Ecological profiles of wetland plant species in the northern Apennines (N. Italy)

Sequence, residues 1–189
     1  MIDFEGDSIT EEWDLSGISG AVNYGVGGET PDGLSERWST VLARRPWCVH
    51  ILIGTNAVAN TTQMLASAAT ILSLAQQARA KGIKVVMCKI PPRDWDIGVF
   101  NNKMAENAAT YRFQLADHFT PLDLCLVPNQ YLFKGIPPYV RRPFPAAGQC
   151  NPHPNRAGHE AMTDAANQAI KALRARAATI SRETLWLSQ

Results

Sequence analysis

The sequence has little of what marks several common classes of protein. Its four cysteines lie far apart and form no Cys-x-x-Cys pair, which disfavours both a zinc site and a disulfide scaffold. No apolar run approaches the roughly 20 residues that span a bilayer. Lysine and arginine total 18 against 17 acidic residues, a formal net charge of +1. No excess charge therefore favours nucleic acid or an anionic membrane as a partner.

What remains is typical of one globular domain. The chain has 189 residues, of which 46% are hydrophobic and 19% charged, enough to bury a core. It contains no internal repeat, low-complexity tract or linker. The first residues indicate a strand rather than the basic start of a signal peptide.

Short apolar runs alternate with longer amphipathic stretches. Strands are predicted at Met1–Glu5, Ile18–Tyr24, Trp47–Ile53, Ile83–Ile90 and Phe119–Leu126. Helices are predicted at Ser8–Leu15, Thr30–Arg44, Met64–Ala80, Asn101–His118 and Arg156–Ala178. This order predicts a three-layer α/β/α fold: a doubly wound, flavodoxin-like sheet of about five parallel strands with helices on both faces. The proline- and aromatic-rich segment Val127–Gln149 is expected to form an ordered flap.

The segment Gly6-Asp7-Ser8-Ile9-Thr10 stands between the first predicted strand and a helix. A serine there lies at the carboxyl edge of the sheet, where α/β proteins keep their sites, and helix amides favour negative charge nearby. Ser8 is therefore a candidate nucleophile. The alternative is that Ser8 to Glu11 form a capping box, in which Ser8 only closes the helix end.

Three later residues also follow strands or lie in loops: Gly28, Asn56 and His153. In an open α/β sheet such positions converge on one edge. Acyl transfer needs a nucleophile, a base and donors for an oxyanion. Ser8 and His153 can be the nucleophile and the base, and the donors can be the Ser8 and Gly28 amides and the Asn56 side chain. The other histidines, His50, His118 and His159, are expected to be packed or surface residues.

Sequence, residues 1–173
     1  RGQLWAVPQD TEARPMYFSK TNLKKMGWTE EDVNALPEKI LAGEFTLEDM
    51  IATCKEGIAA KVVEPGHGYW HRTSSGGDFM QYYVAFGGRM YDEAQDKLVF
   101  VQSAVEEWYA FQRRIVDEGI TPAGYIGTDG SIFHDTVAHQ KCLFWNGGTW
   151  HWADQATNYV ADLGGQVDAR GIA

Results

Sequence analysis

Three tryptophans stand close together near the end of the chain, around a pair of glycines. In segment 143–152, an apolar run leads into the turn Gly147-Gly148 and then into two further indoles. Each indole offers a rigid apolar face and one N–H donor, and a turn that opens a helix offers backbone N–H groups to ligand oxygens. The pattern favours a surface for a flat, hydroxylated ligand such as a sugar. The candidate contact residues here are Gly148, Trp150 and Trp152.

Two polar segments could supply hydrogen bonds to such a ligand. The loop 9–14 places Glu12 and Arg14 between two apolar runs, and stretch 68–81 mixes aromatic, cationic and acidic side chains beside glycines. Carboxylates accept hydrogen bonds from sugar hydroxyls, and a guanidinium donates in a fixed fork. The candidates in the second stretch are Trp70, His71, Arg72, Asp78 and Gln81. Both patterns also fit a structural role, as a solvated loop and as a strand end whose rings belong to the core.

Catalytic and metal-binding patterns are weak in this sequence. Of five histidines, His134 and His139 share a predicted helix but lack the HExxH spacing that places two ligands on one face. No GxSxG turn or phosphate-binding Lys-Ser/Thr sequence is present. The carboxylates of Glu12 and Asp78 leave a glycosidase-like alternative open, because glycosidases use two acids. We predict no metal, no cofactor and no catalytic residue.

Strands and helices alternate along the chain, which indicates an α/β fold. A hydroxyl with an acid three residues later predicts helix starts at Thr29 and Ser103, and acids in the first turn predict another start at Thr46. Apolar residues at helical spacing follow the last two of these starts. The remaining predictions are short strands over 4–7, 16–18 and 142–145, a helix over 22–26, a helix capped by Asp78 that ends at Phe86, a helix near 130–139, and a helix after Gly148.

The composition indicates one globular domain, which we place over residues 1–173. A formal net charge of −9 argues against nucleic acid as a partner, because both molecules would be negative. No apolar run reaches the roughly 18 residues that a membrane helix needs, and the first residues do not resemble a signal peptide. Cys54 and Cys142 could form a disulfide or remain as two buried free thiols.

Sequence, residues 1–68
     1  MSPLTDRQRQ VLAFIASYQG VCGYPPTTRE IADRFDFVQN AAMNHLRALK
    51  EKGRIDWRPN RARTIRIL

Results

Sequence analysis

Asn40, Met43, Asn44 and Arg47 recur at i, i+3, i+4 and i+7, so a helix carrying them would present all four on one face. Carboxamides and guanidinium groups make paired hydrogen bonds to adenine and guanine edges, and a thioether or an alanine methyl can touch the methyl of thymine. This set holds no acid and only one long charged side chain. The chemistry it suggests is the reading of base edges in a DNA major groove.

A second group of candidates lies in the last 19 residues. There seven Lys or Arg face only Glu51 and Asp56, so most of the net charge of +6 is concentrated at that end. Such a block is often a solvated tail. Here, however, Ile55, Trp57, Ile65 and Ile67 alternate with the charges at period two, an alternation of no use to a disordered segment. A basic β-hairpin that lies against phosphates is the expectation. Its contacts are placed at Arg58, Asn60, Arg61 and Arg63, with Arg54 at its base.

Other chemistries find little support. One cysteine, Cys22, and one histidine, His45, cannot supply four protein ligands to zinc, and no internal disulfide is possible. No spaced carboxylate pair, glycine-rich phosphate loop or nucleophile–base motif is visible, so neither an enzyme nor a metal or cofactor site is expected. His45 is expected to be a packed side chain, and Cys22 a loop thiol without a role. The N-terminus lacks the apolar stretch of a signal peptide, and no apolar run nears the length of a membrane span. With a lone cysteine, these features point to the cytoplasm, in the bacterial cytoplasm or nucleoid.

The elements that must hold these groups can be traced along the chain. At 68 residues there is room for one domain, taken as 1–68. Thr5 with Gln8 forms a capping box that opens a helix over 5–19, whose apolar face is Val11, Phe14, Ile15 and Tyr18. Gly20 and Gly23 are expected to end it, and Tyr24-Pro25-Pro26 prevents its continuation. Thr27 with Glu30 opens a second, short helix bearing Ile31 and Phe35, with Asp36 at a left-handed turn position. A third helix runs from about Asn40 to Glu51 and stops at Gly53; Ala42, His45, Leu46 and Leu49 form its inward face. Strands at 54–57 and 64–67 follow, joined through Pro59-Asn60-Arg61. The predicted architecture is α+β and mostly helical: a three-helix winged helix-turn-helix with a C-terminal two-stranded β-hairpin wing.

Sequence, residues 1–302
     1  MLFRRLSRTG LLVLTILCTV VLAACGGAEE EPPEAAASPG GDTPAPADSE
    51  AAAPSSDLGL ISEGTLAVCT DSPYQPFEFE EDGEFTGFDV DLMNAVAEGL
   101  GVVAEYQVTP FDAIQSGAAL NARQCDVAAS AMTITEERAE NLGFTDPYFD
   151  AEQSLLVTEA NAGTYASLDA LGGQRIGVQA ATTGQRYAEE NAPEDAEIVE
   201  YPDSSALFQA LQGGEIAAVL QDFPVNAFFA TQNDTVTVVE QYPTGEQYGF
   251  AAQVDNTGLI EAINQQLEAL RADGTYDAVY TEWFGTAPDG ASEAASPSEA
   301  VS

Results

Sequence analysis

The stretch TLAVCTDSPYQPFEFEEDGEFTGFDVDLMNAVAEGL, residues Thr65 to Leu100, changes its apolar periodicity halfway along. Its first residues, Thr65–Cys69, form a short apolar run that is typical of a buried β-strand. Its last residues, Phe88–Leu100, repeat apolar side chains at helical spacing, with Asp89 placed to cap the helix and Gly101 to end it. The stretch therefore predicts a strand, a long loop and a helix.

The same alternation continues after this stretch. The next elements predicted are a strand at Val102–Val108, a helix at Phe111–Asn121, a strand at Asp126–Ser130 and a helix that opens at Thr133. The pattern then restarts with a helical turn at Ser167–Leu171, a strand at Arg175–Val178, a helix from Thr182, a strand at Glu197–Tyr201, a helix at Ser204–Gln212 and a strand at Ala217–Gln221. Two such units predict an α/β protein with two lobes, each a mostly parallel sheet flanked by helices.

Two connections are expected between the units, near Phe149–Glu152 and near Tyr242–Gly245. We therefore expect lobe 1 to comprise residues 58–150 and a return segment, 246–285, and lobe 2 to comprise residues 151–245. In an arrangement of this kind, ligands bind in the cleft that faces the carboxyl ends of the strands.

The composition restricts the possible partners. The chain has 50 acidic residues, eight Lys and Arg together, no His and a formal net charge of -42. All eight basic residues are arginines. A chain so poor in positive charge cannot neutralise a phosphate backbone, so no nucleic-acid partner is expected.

AbstractEighteen selected species occurring in the wetlands of the northern Apennines were studied by the ecological profile method. By this method, it is possible to identify the ecological factors mostly influencing species distribution within a particular vegetation. Moreover, it is possible to evaluate both ecological amplitude and ecological preferences of species. Ecological profiles were built for three factors (altitude, pH and electrical conductivity) from a data set of 265 phytosociological relevés, used for altitude, and from a set of 92 measures, carried out in selected sites, for idrochemical variables. By numerical classification, based on chord distance and minimum variance, the ecological species groups for each factor were individuated. Subsequently, they were ordered by correspondence analysis for detecting relationships between ecological groups and classes of factors. By applying a goodness-of-fit test to ecological profiles, the species significantly deviating from uniformity were detected. They can be regarded as indicators for the corresponding ecological factor. We found seven indicator species for altitude (Carex nigra, C. rostrata, Juncus filiformis, J. alpino-articulatus, Eriophorum latifolium, E. angustifolium and Warnstorfia exannulata), four indicator species for electrical conductivity (Campylium stellatum, Carex tumidicarpa, Eriophorum latifolium and Juncus alpino-articulatus) and one indicator species for pH (Sphagnum capillifolium). The ecological profiles of the wetland species in the northern Apennines were compared with those reported in literature for the same species from the Alps (namely Dolomites). In this way, a certain degree of ecological shift in several wetland species of the northern Apennines was documented. For altitude, it is possible to explain the shift considering the reduced elevational amplitude of northern Apennine wetlands with respect to those of the Alps. For pH, Sphagnum capillifolium occurs in less acidic habitats than in the Alps, probably due to the absence of ombrotrophic mires, and Viola palustris occurs mostly in neutro- basiphytic habitats. Some hypotheses to explain the ecological behaviour of this last species were proposed.
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